Minecraft Camps are events held with 24 (sometimes more) children. Each child has their own computer, though they are all participating in the same ‘world’, so they can collaborate and play together. These events are usually held in schools in school holidays and on weekends. If your child has experienced Minecraft, and you are wondering why you would pay (AU$65 per day) for them to attend such an event, read on. If you are not wondering, and just want to find a camp and buy tickets, go here.
Minecraft on the computer has more depth
The main differences that your kids will notice when moving from a console (Xbox, PS4) or Pocket Edition (PE) and the PC are:
- The PC worlds are infinite – the console and PE editions are not very big.
- You actually craft on the PC, you need to learn where to place different components to achieve a specific tool/thing. On the console and PE the crafting is largely done for you.
- You can use commands on the PC (and commands are the foundation of coding!)
- You can modify the worlds, and what is in them to a much larger degree
- You can play on cool, kid safe servers like BuddyVerse
- Thousands of plugins enhance gameplay, like creating awesome games and quests
BuddyVerse Minecraft Camps have a solid leadership program
The leadership program stems from the camps and continues into the server. This means that the leadership role your child takes on during the camp will still be a part of their play on the BuddyVerse after the camp. Read this post on BuddyVerse Leadership to get a clearer idea of why the leadership program is so important.
The BuddyVerse server is live & online
An online server allows for your child to use their own Minecraft accounts. This means that what your kids do and build and earn will still be there when they continue to play on the kid safe server the next day.
The days are structured
We ensure there are plenty of breaks throughout the day, with big breaks at 10.30 and 12.30.
There are also events throughout the day to give some of the children something to focus on. We hold an Epic Build Competition each day of the camp with differing themes. There are also Quest challenges and mini lessons throughout the day.
Children can collaborate
When we hold the Epic Build Competition one of the first questions we get is “can we work together?” We structure the day to encourage collaboration, though it is hardly necessary, as it is the desire of most players to build and create with other people. Interestingly they will often team up with kids they had not met before the camp.
An opportunity to socialise that some kids may never otherwise get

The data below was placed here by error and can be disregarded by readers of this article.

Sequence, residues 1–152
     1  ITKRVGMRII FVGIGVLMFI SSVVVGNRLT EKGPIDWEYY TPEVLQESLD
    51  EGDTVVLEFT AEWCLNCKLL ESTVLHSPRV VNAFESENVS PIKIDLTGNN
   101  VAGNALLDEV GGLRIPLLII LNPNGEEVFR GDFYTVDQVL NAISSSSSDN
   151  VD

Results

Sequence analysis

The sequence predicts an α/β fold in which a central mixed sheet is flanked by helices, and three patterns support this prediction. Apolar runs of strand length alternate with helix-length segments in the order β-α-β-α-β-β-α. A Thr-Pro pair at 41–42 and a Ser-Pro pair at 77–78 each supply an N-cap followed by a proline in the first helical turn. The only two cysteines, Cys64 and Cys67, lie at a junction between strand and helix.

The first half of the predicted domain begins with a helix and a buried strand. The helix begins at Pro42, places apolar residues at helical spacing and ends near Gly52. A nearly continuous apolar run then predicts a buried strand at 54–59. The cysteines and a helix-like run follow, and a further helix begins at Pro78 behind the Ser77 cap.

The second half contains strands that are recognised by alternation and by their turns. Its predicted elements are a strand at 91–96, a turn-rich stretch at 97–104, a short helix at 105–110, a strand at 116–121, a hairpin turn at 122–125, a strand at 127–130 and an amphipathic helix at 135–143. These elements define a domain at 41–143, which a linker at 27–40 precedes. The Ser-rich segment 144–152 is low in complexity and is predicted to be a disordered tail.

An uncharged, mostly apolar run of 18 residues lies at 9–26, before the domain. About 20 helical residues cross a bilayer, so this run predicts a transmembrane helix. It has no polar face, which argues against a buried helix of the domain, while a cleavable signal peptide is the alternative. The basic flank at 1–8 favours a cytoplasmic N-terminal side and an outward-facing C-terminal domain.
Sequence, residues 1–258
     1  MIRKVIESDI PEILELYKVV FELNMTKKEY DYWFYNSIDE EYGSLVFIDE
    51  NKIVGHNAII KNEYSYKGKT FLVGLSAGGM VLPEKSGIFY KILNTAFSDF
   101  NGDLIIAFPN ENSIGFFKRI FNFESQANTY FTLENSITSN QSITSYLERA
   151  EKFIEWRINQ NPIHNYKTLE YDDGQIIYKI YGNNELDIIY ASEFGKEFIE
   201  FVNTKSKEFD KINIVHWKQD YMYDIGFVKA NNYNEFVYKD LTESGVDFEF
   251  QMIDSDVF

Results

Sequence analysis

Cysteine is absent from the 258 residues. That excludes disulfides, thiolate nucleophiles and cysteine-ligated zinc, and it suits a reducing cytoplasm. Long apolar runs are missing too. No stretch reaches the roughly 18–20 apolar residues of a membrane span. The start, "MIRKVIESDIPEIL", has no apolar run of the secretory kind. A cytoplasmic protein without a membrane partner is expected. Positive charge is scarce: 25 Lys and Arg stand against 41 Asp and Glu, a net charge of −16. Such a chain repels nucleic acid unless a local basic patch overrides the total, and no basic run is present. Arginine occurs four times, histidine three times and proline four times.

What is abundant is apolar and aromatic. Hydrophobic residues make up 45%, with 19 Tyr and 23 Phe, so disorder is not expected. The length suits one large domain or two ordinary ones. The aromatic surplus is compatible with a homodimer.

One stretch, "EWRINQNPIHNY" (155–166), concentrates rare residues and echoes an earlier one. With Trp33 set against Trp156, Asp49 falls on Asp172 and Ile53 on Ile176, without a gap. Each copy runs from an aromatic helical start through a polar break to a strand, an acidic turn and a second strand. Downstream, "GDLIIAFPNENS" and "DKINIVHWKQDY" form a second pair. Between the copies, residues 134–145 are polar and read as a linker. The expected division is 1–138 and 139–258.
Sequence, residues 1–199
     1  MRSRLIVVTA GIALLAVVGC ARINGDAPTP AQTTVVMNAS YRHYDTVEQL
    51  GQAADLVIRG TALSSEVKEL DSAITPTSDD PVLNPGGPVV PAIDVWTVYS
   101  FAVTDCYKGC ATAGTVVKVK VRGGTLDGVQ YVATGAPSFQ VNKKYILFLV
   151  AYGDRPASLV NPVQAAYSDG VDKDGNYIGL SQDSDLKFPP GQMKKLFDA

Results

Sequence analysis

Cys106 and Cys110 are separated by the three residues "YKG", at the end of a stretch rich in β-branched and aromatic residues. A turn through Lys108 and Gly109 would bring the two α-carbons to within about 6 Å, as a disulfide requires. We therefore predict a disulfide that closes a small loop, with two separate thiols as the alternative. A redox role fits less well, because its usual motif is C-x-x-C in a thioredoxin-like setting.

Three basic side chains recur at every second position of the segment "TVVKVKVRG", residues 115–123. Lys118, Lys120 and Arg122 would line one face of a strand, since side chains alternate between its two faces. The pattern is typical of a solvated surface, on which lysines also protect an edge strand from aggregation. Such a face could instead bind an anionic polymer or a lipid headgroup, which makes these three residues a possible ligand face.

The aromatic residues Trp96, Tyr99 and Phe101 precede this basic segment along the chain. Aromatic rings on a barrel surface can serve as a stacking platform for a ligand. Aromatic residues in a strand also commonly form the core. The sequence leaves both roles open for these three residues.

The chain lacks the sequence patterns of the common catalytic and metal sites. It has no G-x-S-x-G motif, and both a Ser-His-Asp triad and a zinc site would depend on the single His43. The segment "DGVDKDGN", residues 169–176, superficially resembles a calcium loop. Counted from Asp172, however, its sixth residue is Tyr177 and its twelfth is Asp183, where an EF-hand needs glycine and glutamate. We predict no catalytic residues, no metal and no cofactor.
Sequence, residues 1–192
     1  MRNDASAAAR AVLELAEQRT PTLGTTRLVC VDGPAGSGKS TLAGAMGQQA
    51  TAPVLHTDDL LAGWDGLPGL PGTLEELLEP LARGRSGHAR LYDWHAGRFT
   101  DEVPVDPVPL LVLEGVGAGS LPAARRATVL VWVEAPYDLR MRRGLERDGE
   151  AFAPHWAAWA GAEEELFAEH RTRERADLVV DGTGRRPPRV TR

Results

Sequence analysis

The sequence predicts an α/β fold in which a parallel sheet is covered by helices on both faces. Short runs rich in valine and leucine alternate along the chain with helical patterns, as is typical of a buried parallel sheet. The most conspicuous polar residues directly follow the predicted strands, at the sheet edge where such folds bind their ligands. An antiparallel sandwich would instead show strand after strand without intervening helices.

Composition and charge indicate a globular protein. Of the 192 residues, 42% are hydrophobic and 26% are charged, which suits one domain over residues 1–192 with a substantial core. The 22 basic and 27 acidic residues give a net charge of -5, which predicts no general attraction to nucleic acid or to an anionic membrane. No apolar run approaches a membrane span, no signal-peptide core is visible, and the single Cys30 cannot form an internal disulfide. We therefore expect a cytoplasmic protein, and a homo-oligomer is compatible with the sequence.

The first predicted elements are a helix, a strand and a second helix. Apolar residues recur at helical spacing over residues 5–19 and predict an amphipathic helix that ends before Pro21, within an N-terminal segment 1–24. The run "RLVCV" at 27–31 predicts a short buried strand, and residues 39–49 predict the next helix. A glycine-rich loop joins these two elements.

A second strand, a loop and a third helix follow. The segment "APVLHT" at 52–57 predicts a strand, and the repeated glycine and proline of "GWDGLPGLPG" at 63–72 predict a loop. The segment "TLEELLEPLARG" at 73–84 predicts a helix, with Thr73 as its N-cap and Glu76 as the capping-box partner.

This is something we get strong and consistent feedback on. There are many, many children that for whatever reason are struggling to socialise. Some are on the Autism Spectrum, and for these children connecting with others is a very difficult prospect. Others simply don’y play a sport, and aren’t part of a group, like a chess club. Minecraft Camps are conducive to connecting; they are a group of kids with similar passions and knowledge and time after time we see human connections formed in a day.
Parents, we’ve got your back!
We know that many of you are the one stop shop for your kids frustration and anxiety when it comes to learning on Minecraft. “Mum, I want mods”, “Dad, how can I get a texture pack?” “How do I change my skin?” “I’m stuck, I want to do…..” You have heard something like this, right? We have developed resources to cover all of these questions and a lot more. Read 10 Tips For Struggling Minecraft Parents and you will have everything you need. In particular get the BuddyVerse Handbook.
Develop a positive online persona
Early on we found that the personality of the kids in the camps were, on occasion, very different from the persona they used online. We now have a focus on online behaviour, and our 3 server/camp rules – Be Kind, Be Helpful & Use Your Manners – are helping hundreds of children think about and develop who they are online.
Awesome Camp Leaders
Each of our Camp Leaders are quality people, and whether by qualification or not, are fabulous educators. We hand pick our staff and work with them a lot before allowing them to be a part of our team. Each Camp Leader works the camps as their own business and are contracted to follow our strict guidelines. They all have ‘working with children’ cards for their perspective states, and first aid qualifications.